Crew Dragon, the new vessel built by SpaceX for NASA is set to return Friday off the coast of Florida -- the most perilous part of a mission to prove it can take US astronauts to the International Space Station.
This handout photo released NASA shows a SpaceX Falcon 9 rocket with the company's Crew Dragon spacecraft onboard is seen seen on the launch pad at Launch Complex 39A as preparations continue for the Demo-1 mission on March 1, 2019 at the Kennedy Space Center in Florida. (File photo: VCG)
Dragon will undock from the ISS Friday at 0731 GMT. Five hours later, the capsule will leave Earth orbit and re-enter the atmosphere, testing its heat shield. Splashdown is expected at 8:45am Eastern Time (1345 GMT).
"I'd say hypersonic re-entry is probably my biggest concern," Elon Musk, the founder and head of SpaceX, said last Saturday following the capsule's launch from the Kennedy Space Center.
"Will the parachutes deploy correctly? And will the system guide Dragon 2 to the right location and splashdown safely?" he asked.
The mission has been hitch-free thus far. Dragon docked with the ISS Sunday without incident, and the space station's three current crew members were able to open the hatch and enter the capsule. They closed the airlock Thursday.
This time around, Dragon's own crew member is a dummy, named Ripley. But if all goes well, the next flight will see two US astronauts book a return trip to the ISS, sometime before the end of the year, according to NASA.
Its descent will be broadcast in its entirety by NASA and SpaceX, thanks in large part to a camera embedded in Dragon.
A NASA spokesman told AFP a drone would be on hand to try to film the capsule, which will be slowed by four parachutes as it falls.
Long lens cameras have also been loaded onto the salvage boat. SpaceX did not broadcast images of Dragon's interior during the flight up to the ISS.
NASA and the administration of President Donald Trump have spent all week extolling the historic nature of the mission.
It represents the first private space mission to the ISS, as well as the first time a space vessel capable of carrying people was launched by the US in eight years.
Dragon also marks a return to a "vintage" format: it is the first US capsule since the pioneering Apollo program of the 1960s and 70s.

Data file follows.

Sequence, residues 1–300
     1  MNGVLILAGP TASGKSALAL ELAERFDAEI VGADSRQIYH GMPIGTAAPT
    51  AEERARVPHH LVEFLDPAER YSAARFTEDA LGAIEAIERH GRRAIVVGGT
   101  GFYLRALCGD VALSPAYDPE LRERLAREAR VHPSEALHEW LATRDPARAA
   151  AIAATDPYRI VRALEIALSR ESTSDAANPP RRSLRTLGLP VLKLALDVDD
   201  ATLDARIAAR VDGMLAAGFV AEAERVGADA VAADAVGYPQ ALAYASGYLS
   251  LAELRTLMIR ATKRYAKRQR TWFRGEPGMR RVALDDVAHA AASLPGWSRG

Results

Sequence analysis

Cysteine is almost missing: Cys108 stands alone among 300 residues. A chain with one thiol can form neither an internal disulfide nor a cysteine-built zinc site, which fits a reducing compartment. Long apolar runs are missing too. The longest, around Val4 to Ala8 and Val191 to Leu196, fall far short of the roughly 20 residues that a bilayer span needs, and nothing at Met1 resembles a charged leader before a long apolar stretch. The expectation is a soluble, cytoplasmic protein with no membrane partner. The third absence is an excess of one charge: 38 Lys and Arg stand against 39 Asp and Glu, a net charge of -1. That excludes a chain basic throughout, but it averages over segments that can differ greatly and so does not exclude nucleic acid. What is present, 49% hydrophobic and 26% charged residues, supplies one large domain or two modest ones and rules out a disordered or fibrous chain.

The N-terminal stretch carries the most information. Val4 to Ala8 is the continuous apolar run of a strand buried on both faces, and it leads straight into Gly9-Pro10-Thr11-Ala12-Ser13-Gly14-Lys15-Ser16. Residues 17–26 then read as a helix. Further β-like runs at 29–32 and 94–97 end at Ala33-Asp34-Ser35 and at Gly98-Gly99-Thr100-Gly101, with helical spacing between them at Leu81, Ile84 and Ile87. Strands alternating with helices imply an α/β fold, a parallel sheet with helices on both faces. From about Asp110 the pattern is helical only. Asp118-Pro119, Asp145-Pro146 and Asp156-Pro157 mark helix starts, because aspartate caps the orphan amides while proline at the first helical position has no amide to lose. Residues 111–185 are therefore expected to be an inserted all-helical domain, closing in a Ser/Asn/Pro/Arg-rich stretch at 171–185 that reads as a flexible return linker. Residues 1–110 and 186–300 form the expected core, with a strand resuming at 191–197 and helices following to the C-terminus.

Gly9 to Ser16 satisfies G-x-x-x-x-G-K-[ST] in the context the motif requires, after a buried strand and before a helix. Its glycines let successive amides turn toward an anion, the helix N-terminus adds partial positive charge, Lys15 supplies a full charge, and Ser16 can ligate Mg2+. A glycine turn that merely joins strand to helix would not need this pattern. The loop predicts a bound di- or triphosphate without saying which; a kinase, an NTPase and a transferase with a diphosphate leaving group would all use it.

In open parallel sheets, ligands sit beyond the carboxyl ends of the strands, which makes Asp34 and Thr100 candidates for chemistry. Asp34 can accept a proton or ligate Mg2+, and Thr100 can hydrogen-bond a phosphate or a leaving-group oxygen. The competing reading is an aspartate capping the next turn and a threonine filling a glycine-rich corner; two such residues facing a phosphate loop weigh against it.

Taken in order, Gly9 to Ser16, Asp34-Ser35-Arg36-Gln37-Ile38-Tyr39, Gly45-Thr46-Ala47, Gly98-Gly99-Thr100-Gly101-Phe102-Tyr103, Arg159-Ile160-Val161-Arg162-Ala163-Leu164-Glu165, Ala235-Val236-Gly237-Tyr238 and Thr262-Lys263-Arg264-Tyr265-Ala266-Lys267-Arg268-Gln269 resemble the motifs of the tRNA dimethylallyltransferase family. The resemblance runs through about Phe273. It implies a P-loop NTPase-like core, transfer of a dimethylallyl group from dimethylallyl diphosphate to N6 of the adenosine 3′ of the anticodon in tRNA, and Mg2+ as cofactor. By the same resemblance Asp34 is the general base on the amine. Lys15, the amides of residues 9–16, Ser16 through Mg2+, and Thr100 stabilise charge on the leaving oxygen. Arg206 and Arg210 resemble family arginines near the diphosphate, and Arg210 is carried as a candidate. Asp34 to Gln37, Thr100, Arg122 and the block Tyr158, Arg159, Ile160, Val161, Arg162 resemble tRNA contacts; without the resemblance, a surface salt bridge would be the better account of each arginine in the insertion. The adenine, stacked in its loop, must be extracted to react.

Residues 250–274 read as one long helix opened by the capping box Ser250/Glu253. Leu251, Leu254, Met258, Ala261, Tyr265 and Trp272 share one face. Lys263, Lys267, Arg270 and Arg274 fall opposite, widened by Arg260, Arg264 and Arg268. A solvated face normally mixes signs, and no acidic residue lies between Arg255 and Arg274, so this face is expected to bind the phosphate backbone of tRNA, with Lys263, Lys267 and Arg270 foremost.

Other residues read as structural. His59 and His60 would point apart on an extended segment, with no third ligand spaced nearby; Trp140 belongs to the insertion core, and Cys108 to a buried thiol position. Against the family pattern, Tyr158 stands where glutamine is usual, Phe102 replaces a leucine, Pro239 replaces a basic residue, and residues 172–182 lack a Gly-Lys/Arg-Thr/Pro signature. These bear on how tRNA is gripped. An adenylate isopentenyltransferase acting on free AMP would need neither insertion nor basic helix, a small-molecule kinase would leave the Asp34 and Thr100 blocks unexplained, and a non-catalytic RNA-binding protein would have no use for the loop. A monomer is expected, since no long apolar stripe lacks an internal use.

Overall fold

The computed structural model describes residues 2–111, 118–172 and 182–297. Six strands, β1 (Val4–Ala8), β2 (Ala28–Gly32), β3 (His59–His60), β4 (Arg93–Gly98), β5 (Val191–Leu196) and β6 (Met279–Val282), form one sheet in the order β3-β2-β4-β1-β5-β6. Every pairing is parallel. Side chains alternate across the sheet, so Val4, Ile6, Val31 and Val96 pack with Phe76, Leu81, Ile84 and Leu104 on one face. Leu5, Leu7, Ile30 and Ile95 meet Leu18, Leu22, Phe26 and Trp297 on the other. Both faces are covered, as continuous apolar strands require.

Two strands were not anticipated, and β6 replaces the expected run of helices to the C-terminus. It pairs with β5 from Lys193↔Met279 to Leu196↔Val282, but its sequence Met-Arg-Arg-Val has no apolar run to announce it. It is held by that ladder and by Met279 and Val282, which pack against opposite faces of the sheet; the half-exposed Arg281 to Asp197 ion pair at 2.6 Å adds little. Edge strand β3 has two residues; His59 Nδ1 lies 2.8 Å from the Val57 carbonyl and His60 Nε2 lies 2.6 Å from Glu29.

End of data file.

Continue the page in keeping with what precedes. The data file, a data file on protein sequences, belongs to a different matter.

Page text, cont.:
Capsules have no wings and fall to the earth, their descent slowed only by parachutes -- much like the Russian Soyuz craft, which land in the steppes of Kazakhstan.
The last generation of US spacecraft, the Space shuttles, landed like airplanes. Shuttles took American astronauts to space from 1981 to 2011, but their cost proved prohibitive, while two of the original four craft had catastrophic accidents, killing 14 crew members.
After the program was retired, the US government, under then president Barack Obama, turned toward SpaceX and Boeing to develop a new way to ferry its crews, paying the firms for their services.
Due to development delays, the switch has come to fruition only Trump.
For now, Russia will continue to be the only country taking humans to the ISS. NASA buys seats for its astronauts, who train with their cosmonaut counterparts.
Russia, for its part, has not seemed particularly enthused with the success of the Dragon flight.
While the space world was busy congratulating SpaceX and NASA last Saturday, Roskomos tweeted only the following day, praising the US space agency (not SpaceX) but insisting the "safety of flights should be irreproachable," a pointed reference to technical objections Russians had raised on Dragon's approach procedure towards the ISS.
But the space agencies themselves insist that cooperation remains excellent.
In the long run, said NASA's Johnson Space Center director Mark Geyer, US astronauts will continue to learn Russian, and vice versa.
"There'll be a Russian on our flights, and we'll still have an American on a Soyuz flight. That's mainly because we always want, in case there are issues with either system, that we have an integrated crew."